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  1. Canada’s merchandise exports grew 2.8% in February, on the strength of industrial goods and materials, outpacing a 0.9% increase in imports. As a result, Canada’s trade surplus with the world widened to $1.4 billion in February from $754 million in January.
  2. Exports increased to $34.0 billion from $33.1 billion in January, as prices and volumes each grew 1.4%. This represented the fifth increase in export volumes and prices during the past six months. While most export sectors experienced gains in February, industrial goods and materials accounted for over half the growth in exports.
  3. Imports rose to $32.6 billion from $32.3 billion as volumes increased 1.0% while prices declined 0.2%. Import volumes have been trending upward since April 2009 whereas prices have generally been declining during the same period. Notable increases in imports of machinery and equipment, and automotive products were nearly offset by pronounced declines in imports of energy products. Excluding the energy products sector, imports would have increased 2.6% in February.
  4. On the strength of automotive products, exports to the United States increased 2.0% and imports grew 1.2%. As a result, Canada’s trade surplus with the United States widened to $4.4 billion in February from $4.2 billion in January.
  5. Exports to countries other than the United States rose 5.2% as exports to all principal trading areas except Japan increased in February. Imports from countries other than the United States grew 0.2% due to higher imports from Japan. Consequently, Canada’s trade deficit with these countries narrowed to $3.0 billion in February from $3.4 billion in January.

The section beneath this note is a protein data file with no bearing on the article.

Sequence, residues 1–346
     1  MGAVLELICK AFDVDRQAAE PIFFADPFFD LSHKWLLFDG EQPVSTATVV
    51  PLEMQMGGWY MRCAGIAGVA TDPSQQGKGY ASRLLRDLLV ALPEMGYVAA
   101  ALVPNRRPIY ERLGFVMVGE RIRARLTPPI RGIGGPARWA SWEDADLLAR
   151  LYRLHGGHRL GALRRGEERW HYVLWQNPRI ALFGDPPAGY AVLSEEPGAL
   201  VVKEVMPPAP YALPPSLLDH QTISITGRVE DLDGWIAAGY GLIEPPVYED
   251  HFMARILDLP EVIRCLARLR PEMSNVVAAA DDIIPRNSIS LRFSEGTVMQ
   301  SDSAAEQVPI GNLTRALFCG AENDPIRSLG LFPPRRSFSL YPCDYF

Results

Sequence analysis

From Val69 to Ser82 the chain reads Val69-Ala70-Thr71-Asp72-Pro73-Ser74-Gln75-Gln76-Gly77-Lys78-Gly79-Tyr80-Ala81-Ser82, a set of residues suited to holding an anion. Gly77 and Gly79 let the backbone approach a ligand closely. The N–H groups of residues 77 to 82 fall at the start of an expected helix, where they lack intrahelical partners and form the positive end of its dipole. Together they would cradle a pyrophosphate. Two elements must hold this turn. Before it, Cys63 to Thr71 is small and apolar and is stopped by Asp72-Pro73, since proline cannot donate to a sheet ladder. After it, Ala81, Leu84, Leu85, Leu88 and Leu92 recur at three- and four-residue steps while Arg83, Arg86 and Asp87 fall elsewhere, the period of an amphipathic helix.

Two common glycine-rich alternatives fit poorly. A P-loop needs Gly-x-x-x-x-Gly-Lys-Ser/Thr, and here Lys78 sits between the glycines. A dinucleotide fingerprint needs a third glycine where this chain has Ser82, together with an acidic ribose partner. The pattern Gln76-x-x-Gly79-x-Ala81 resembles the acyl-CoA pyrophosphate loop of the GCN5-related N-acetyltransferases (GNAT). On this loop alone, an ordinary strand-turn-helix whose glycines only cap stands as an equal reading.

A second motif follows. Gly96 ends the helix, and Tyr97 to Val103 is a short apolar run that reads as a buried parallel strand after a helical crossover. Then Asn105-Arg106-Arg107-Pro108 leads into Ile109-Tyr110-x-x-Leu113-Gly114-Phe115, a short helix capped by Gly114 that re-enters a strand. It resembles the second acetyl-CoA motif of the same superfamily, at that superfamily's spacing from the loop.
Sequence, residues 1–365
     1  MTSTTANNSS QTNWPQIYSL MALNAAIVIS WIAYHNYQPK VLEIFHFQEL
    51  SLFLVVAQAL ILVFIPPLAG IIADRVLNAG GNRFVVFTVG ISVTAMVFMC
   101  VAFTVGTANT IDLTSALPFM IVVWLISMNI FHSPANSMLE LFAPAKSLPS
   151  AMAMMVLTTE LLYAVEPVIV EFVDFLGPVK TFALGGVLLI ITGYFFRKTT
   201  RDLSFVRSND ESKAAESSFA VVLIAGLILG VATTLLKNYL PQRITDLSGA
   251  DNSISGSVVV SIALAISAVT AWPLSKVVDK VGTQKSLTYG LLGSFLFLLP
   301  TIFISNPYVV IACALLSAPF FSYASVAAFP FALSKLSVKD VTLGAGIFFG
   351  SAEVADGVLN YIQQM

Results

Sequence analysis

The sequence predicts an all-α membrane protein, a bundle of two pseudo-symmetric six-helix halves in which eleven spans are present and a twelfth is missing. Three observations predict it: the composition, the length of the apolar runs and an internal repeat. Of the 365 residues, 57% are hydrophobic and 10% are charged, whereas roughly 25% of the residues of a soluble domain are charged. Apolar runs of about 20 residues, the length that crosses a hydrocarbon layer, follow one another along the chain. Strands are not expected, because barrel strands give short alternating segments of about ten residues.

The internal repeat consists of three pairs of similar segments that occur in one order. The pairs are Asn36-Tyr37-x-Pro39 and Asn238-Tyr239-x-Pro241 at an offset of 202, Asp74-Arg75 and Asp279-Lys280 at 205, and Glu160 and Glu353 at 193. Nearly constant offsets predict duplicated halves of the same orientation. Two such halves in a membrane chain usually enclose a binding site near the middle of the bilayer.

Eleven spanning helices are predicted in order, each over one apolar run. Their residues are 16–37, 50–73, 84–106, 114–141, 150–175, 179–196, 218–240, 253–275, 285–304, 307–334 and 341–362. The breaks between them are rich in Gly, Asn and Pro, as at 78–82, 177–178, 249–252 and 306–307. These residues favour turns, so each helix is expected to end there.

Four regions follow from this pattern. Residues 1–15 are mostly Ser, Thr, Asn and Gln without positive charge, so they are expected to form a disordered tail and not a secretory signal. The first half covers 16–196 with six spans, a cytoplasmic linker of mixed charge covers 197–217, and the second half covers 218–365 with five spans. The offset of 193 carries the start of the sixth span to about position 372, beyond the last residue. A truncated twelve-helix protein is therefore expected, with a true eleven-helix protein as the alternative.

Note to readers

Merchandise trade is one component of Canada's international balance of payments, which also includes trade in services, investment income, current transfers as well as capital and financial flows.

International merchandise trade data by country are available on both a balance of payments and a customs basis for the United States, Japan and the United Kingdom. Trade data for all other individual countries are available on a customs basis only. Balance of payments data are derived from customs data by making adjustments for characteristics such as valuation, coverage, timing and residency. These adjustments are made to conform to the concepts and definitions of the Canadian System of National Accounts.

Data in this release are on a balance of payments basis, seasonally adjusted in current dollars. Constant dollars are calculated using the Laspeyres volume formula.


In general, merchandise trade data are revised on an ongoing basis for each month of the current year. Current year revisions are reflected in both the customs and balance of payments based data. Revisions to customs based data for the previous year are released on a quarterly basis. Revisions to balance of payments based data for the three previous years are released annually in June.

Factors influencing revisions include late receipt of import and export documentation, incorrect information on customs forms, replacement of estimates with actual figures, changes in classification of merchandise based on more current information, and changes to seasonal adjustment factors.

Revised data are available in the appropriate CANSIM tables.